Yet another object of the invention is to provide a cleaning apparatus comprising a pair of levers loosely hinged together at one end and having a cleaning pad removably mounted at the other end of each lever, each pad being adhered to a thin backing plate and the backing plate being removably mounted on a said lever.

It is, moreover, my purpose and object generally to improve the structure and effectiveness of apparatus for simultaneously cleaning opposite sides of a strip element and more especially the slat elements of Venetian blinds, and the like.

In the accompanying drawings:

Fig. 1 is a top plan view of a Venetian blind cleaner embodying features of my invention; L

Fig. 2 is a side elevation thereof with portions broken away and in section, the normally open position of one of the levers being indicated by dotted lines;

Fig. 3 is a view similar to Fig. 2 but showing the parts in their relative positions when a predetermined manual pressure is applied at and in the directions of the arrows;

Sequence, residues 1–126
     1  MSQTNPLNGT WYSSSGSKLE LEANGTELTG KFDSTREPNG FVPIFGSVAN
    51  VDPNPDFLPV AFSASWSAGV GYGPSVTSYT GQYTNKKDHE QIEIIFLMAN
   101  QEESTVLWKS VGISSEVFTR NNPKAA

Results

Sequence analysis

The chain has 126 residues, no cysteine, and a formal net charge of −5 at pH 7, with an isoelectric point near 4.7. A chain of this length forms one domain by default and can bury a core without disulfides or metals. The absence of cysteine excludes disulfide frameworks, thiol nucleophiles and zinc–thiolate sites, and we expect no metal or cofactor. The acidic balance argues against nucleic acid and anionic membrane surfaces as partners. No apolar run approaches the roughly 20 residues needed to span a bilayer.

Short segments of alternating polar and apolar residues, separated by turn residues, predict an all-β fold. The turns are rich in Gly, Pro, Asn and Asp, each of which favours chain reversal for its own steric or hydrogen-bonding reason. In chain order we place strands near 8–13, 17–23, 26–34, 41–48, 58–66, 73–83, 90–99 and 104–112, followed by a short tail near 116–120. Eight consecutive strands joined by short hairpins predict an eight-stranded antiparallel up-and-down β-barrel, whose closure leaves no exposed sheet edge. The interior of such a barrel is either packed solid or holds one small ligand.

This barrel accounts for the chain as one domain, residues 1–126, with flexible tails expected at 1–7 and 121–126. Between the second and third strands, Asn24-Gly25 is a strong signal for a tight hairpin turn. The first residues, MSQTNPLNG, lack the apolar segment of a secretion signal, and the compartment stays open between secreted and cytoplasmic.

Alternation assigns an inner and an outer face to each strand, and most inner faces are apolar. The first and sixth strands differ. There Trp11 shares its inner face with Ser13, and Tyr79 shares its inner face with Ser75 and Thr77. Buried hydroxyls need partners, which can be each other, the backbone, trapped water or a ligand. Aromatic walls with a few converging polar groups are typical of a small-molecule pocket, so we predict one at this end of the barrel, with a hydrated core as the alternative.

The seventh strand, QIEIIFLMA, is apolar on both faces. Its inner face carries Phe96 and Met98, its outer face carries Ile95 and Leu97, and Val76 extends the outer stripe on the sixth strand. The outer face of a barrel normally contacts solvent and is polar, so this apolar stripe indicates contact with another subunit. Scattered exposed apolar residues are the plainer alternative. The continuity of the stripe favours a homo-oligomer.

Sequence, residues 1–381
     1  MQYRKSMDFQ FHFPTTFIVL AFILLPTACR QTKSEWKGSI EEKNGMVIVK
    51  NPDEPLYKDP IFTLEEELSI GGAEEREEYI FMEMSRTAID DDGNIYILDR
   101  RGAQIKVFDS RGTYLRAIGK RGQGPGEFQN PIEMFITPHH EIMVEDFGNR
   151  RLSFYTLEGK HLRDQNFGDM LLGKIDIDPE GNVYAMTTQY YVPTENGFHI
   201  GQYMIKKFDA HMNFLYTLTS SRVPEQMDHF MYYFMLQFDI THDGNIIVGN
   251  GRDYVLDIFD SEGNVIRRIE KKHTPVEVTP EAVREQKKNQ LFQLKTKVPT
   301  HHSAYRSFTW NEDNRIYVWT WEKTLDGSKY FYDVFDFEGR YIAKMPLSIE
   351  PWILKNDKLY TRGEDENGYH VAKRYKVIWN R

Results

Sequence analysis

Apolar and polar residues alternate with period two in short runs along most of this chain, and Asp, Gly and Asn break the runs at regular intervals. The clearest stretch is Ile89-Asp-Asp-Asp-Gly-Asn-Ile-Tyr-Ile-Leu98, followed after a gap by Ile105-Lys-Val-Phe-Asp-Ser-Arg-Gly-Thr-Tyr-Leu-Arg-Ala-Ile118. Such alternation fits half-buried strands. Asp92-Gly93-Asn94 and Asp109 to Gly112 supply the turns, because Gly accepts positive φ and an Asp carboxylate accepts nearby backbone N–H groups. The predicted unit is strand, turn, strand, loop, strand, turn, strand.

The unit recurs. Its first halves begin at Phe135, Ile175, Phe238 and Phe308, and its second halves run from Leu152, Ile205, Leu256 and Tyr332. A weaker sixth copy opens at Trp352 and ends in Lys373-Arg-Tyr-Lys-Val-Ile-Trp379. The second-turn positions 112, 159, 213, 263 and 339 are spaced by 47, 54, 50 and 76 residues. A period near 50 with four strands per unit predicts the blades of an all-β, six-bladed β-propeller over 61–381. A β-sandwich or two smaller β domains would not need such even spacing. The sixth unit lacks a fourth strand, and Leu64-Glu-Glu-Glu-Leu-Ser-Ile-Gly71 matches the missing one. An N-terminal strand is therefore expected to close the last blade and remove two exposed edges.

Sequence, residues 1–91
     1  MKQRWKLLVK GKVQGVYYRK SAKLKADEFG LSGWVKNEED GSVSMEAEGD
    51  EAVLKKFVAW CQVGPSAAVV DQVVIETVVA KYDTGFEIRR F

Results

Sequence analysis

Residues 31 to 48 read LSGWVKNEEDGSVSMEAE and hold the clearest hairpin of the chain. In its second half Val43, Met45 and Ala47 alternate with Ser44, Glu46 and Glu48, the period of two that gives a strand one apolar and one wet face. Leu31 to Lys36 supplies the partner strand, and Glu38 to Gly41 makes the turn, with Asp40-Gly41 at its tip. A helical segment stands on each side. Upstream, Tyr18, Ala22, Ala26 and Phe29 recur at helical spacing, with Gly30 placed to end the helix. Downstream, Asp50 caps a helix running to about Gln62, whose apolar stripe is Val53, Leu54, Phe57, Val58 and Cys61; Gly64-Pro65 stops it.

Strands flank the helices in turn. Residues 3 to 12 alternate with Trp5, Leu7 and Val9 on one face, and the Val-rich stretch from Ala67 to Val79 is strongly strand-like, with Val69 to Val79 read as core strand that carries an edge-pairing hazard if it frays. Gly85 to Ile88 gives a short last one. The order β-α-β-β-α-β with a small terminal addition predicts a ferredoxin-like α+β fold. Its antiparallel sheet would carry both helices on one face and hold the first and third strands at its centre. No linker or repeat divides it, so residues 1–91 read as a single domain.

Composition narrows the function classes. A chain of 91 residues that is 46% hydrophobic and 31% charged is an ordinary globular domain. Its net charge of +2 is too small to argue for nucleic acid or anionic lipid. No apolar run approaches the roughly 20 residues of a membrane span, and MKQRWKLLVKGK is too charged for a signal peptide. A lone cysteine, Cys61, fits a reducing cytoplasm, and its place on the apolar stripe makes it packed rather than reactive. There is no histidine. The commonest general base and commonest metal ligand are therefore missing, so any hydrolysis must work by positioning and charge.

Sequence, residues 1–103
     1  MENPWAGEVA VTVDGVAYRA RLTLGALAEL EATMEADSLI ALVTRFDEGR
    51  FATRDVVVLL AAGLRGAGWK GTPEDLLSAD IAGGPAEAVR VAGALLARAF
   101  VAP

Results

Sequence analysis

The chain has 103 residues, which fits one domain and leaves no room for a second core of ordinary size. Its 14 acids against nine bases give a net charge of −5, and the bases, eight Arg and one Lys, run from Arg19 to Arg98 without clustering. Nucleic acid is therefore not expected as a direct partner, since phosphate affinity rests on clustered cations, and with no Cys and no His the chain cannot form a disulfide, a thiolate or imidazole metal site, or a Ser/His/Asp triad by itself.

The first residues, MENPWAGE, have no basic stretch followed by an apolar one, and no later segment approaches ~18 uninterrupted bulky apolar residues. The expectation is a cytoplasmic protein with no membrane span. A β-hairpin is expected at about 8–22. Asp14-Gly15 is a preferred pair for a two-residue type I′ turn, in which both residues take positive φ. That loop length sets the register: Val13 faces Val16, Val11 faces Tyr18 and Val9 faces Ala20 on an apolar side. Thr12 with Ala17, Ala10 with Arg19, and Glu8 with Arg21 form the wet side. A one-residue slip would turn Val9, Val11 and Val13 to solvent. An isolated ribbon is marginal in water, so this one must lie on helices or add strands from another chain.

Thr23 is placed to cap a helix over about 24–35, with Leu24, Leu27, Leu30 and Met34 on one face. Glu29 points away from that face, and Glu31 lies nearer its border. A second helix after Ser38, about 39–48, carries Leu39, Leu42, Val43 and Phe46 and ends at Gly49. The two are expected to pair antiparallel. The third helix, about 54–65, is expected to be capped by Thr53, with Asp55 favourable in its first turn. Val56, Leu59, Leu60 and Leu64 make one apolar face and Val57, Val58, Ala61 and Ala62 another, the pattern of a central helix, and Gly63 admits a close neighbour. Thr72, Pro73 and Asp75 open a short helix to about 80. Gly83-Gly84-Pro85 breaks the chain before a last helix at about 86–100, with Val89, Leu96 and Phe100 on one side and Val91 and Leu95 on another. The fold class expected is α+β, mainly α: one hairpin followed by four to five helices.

Fig.4 is an isometric showing of the hinged end portions of the two levers and of the retaining clamp, in separated relationships;

Fig. 5 is a cross-sectional view on line 55 of Fig. 2, on a larger scale;

Fig. 6 is a perspective view of one of the cleaning sponges adhered to its backing plate by which it becomes removably secured to one of the levers;

Fig. 7 is a top plan view of a modified form of blind cleaning apparatus, embodying features of the invention; I